Mystical Teachings Do Not Erase Sorrow

“It’s hard to be a Jewish poet,” Yehoshua November wrote in his first collection of poetry, God’s Optimism, published in 2010. Indeed, it must be difficult to juggle November’s identities as a Lubavitch Hasid, a family man, a poet, and a professor. In that poem, November explores some of the challenges inherent in writing religious poetry. These include the fear of confusing readers who are unaccustomed to encountering sincere expressions of Orthodox Judaism in verse, the problem of writing about forbidden or impure material, and the anxiety of trying to create new poems “when there is already the one great book.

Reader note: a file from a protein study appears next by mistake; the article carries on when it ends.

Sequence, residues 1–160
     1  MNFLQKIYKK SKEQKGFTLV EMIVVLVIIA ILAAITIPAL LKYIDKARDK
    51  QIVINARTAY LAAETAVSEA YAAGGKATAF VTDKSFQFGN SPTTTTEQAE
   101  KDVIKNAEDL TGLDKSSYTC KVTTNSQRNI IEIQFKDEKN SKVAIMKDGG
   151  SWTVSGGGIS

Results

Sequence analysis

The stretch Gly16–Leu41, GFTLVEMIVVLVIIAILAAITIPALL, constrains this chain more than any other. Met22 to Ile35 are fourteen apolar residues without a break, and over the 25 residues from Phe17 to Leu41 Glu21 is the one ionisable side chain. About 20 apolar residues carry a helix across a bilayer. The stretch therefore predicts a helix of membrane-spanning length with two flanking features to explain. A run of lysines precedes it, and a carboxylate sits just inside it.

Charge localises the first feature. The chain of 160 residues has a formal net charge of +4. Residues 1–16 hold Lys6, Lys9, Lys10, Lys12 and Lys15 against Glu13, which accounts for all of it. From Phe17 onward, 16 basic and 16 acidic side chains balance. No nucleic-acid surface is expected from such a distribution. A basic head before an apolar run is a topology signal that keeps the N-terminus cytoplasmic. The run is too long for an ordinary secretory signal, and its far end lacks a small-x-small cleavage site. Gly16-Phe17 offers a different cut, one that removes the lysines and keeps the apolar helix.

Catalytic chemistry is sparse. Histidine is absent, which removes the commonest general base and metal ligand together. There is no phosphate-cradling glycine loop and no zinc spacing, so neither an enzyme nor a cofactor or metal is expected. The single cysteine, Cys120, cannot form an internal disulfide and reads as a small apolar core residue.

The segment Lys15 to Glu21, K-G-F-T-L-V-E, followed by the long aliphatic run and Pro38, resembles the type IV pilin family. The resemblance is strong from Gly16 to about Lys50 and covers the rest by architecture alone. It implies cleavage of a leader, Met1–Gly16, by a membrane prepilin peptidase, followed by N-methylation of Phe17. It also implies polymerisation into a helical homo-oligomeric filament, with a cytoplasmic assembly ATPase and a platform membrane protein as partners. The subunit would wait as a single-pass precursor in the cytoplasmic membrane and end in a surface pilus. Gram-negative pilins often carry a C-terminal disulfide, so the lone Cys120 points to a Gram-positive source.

In his new collection, however, it turns out that the difficulties of being a Jewish poet do not primarily flow from being either Jewish or a poet but from the underlying difficulties of life itself.”

For my full review of November’s wonderful new poetry collection, Two Worlds Exist, please see the Spring 2017 issue of the Jewish Review of Books.